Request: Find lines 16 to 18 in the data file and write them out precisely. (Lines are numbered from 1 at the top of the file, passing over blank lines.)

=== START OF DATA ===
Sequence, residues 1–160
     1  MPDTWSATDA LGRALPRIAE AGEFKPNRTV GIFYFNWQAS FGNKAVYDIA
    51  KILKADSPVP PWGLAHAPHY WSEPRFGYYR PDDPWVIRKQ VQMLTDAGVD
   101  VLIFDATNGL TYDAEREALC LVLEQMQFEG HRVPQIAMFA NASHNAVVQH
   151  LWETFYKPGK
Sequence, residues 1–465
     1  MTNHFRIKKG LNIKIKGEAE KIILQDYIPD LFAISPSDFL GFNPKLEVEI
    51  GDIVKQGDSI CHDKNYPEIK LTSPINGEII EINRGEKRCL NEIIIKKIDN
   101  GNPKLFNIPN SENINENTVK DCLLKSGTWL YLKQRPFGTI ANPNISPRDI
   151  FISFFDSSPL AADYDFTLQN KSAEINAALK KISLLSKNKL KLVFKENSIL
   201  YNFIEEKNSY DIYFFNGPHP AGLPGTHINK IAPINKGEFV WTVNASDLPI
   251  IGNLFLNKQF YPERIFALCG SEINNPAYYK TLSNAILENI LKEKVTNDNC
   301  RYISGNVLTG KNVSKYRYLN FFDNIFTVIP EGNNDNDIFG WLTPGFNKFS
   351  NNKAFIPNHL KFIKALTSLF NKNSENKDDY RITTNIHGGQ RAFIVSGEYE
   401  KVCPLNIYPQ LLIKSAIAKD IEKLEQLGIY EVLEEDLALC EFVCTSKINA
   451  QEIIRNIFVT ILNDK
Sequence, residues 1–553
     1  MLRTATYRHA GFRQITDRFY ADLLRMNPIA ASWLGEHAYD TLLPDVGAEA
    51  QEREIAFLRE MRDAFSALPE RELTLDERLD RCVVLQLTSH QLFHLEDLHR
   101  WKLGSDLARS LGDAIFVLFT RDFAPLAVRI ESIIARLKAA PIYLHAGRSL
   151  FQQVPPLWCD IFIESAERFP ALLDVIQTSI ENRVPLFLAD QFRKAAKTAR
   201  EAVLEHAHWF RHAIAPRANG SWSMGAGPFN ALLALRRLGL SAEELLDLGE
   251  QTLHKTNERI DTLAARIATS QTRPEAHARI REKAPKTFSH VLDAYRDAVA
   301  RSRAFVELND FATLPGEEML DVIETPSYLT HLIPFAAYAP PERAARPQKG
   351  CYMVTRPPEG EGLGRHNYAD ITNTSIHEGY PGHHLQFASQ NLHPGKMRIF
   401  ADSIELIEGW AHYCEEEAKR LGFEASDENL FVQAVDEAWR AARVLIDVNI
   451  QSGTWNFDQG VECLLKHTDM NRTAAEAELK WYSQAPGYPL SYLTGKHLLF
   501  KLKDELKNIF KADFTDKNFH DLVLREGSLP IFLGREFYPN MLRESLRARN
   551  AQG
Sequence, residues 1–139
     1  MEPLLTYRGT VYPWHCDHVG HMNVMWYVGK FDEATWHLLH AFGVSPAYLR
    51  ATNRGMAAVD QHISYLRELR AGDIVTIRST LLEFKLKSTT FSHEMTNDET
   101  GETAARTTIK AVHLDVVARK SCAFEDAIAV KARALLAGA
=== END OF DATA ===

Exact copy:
   451  QEIIRNIFVT ILNDK
Sequence, residues 1–553
     1  MLRTATYRHA GFRQITDRFY ADLLRMNPIA ASWLGEHAYD TLLPDVGAEA